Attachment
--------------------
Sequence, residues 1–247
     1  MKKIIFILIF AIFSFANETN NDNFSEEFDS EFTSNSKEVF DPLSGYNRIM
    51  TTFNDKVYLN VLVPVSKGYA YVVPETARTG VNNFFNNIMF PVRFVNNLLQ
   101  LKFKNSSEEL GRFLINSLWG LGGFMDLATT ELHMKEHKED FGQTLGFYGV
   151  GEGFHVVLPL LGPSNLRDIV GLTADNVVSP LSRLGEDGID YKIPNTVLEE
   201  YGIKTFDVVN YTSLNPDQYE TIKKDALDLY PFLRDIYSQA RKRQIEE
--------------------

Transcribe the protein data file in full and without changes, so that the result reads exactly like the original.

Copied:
Sequence, residues 1–247
     1  MKKIIFILIF AIFSFANETN NDNFSEEFDS EFTSNSKEVF DPLSGYNRIM
    51  TTFNDKVYLN VLVPVSKGYA YVVPETARTG VNNFFNNIMF PVRFVNNLLQ
   101  LKFKNSSEEL GRFLINSLWG LGGFMDLATT ELHMKEHKED FGQTLGFYGV
   151  GEGFHVVLPL LGPSNLRDIV GLTADNVVSP LSRLGEDGID YKIPNTVLEE
   201  YGIKTFDVVN YTSLNPDQYE TIKKDALDLY PFLRDIYSQA RKRQIEE